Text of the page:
2016 — 19 May: Thursday

Here we go again, but1 no further 'medical' stuff this week. The renewed filling seems fine, the ache from a jaw held too wide open for too long yesterday has faded, and (I think) I have just proved that the more recent of my two relatively recent Epson scanners does not, in fact, wish to play nice with Linux. I have swapped back in the good ol' reliable (but rather clunkier) 1660 Photo Perfection.


... once again — and a lunch date to look forward to. It's not beyond the bounds of possibility that there may be a tad of supplies shopping before that, too. Peter and his g/f (safely returned from their week of trekking in Turkey) may yet squeeze in the visit this weekend that was tentatively lined up last time. On that occasion, having decimated much of the jungle and sorted out AWS web page uploading, they managed to leave behind both a pile of food in the fridge, and a large container of gardening tools that has only just (it seems) been missed.

This is why...

... I steered well clear of the Humanities! Source and snippet:

...English departments became the place to go to for those interested in thinkers like Gramsci, Baudrillard and Derrida. The work of these theorists was seen as emancipatory, revolutionary, sophisticated, and much better suited to the study of more political modernist and postmodern texts — New Criticism looked simplistic by comparison. This was the advent of Theory.
From the Seventies to the present, English departments have been fascinated by theory after theory, including varieties of structuralism (Lacanian, Althusserian, Foucauldian, post-) and identity-political criticism (beginning with feminist critiques, then critical race theories, queer theories, and culminating, for now, in disability studies).

Justin Evans in Point

As I said a while back, I gurgled like a drain the first time I read the "deconstruction" of the Silk Cut cigarette adverts by fictional academic Dr Robyn Penrose in David Lodge's wonderful 1988 novel Nice Work. I'm not alone in my opinion:

The humanities ... are the same people who write sentences like this:
"Total presence breaks on the univocal predication of the exterior absolute the absolute existent (of that of which it is not possible to univocally predicate an outside, while the equivocal predication of the outside of the absolute exterior is possible of that of which the reality so predicated is not the reality .... of the self)."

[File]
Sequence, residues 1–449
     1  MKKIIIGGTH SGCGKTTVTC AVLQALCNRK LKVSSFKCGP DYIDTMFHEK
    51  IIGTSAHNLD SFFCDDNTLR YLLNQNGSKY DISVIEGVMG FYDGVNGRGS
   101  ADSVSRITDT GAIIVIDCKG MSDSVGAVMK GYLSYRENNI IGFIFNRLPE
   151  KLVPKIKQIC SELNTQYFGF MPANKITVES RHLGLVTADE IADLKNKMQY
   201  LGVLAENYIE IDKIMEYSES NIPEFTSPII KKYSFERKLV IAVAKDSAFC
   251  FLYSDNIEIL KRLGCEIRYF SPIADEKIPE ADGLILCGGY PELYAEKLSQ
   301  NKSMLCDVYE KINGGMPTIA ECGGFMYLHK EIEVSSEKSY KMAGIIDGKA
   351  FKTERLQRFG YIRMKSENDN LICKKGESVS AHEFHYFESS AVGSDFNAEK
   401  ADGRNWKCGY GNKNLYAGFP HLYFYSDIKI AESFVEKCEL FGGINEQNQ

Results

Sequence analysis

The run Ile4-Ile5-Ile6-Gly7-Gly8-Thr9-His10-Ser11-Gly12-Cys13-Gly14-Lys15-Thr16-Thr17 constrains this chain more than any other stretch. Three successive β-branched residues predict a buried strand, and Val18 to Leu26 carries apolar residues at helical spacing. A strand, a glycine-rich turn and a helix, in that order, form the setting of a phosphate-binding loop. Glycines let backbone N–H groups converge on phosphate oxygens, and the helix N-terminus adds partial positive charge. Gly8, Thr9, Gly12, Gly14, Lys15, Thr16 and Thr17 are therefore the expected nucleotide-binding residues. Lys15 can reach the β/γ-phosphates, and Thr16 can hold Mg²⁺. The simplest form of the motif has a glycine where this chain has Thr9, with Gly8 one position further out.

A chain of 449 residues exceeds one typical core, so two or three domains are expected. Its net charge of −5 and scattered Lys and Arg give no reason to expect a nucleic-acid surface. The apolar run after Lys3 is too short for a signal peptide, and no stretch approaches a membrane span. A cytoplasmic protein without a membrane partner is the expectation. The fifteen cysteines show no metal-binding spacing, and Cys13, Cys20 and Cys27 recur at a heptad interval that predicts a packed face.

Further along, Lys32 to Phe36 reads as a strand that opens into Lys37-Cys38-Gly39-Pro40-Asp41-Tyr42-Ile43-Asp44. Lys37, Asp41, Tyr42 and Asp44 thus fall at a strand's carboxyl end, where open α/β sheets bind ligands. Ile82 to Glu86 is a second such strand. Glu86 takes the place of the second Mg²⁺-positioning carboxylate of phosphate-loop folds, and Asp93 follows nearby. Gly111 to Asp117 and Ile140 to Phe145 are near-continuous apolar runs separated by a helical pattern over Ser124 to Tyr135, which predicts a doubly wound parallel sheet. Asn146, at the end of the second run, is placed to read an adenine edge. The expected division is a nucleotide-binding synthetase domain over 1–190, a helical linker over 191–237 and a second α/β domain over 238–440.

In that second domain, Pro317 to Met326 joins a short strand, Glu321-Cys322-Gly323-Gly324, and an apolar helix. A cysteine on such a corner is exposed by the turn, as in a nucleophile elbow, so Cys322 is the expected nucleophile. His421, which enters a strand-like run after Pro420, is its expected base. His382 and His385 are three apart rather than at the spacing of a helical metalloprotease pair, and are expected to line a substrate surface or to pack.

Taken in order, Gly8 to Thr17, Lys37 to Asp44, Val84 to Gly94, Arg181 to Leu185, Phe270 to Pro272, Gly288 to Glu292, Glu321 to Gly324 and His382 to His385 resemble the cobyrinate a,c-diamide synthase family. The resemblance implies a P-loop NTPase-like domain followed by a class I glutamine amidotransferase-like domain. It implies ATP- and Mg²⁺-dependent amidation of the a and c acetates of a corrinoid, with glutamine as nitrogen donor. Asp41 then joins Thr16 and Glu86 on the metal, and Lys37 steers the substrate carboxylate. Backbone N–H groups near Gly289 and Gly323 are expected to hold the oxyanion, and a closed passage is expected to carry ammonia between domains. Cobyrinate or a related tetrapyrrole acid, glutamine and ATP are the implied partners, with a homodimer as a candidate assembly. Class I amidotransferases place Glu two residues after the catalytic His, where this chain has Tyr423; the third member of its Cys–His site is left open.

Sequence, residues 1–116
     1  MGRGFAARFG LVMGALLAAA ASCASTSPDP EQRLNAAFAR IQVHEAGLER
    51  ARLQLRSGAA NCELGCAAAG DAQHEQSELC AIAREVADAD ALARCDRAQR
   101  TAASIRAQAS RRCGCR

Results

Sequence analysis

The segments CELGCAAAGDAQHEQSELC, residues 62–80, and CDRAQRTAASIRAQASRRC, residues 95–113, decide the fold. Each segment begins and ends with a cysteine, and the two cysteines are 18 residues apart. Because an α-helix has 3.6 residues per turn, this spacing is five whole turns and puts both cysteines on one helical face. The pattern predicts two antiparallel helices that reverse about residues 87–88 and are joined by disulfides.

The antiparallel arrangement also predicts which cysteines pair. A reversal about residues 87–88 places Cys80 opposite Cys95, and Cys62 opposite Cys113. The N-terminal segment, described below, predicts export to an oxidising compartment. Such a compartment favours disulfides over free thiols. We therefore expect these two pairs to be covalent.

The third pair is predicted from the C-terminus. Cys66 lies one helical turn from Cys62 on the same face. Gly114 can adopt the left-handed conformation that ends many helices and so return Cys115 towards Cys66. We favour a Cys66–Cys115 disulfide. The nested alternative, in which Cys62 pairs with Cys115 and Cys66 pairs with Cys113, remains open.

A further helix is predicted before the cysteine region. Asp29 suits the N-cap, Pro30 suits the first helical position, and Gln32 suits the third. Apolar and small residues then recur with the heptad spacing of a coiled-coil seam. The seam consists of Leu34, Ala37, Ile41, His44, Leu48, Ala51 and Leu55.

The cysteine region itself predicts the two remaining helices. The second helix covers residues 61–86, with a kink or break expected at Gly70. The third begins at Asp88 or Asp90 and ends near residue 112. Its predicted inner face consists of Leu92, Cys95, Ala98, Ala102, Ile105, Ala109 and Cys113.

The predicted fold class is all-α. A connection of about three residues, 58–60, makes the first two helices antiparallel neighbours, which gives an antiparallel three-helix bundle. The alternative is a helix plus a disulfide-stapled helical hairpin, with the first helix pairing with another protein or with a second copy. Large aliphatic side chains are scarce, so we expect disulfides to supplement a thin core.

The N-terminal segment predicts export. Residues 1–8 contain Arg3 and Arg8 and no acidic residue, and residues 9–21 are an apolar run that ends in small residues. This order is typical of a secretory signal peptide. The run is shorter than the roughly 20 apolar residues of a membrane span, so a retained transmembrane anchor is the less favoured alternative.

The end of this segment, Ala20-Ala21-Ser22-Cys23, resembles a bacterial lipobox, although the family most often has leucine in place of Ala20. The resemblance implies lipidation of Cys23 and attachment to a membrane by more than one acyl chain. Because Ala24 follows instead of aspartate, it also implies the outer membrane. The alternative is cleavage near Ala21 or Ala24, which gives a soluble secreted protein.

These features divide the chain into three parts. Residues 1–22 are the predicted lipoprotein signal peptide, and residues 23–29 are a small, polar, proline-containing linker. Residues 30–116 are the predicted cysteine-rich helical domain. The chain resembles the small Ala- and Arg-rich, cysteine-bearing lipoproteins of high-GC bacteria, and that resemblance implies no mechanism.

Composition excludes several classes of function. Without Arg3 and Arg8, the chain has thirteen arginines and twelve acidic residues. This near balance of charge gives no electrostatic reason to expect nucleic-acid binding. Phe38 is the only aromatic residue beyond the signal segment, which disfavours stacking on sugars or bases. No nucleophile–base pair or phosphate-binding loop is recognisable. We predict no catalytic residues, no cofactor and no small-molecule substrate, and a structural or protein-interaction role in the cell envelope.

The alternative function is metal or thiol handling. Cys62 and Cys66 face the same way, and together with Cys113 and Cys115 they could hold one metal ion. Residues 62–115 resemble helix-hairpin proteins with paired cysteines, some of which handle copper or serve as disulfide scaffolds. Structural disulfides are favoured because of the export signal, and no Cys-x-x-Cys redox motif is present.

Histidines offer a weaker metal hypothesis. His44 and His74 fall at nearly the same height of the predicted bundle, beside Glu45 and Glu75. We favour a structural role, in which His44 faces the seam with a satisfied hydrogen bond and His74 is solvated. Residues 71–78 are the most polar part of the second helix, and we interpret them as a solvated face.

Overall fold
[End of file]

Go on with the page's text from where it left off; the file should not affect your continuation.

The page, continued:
And we're supposed to believe that they can think?

Heather Mac Donald (sic) in City Journal

Linux for Lettuce

Very well worth a read. Source and snippet:

One fateful morning in Minneapolis, Michaels awoke with a Linux-inspired epiphany: What if we did the same thing with our seeds? Just like hackers, he and his colleagues would make their germplasm "free" by attaching a license that kept it in the public domain. No one could patent or otherwise restrict it or its offspring. Over time, Jack Kloppenburg and others heard about the idea, and together they honed it into the shrewdly elegant concept of open-source seed.

Lisa M Hamilton in VQR

Gotta love a phrase like "the University of Wisconsin vegetable breeder in patent limbo with his red carrots".

I don't understand...

... how pedestrians can so blithely set off across roads, not at crossings, without even a backwards glance round to check on my approach. I know the Mazda is quiet, but it's also bright white (at least, where the mud isn't).

Looking for evidence...

... of my dalliance with Red Hat Linux2 I found an email to Carol that I wrote shortly after Christa's second major round of surgery, and just 120 hours (of work) before I began my nine weeks of "pre-retirement" vacation:

... there's a small cloud on the horizon in the shape of an 80GB drive with another Linux partition on it that has an annoying habit of starting to boot, and failing, but that's a tale for another day. (The problem was, the Linux on it was put on it when it lived in my little Shuttle machine and, now that each time it wakes up it finds itself in an entirely different home, it not unreasonably throws a wobbly.)

Of course, the only news that really matters is that Christa has lost enough weight to delight her, and is looking and feeling marvellous. I'm pretty grim, by contrast, as I'm finding this last bit of countdown rather a strain. But I in no way regret my decision, and am eagerly looking forward to whatever time remains to us ... Ironically, of course, the threatened migration of my work to the Indian sub-continent is running about six months late on an elapsed time of eight so far. But the time has come to move on.

Date: 12 October 2006

I didn't know then quite how short our time together would be, of course. But you play the hand you're dealt. It is, after all, the only game in town.



1  With luck...
2  Kicked off by a reminder that, in earlier days, there was a File Manager (ROX) for Linux that tried to emulate the look'n'feel of the RISC OS system of the days of yore.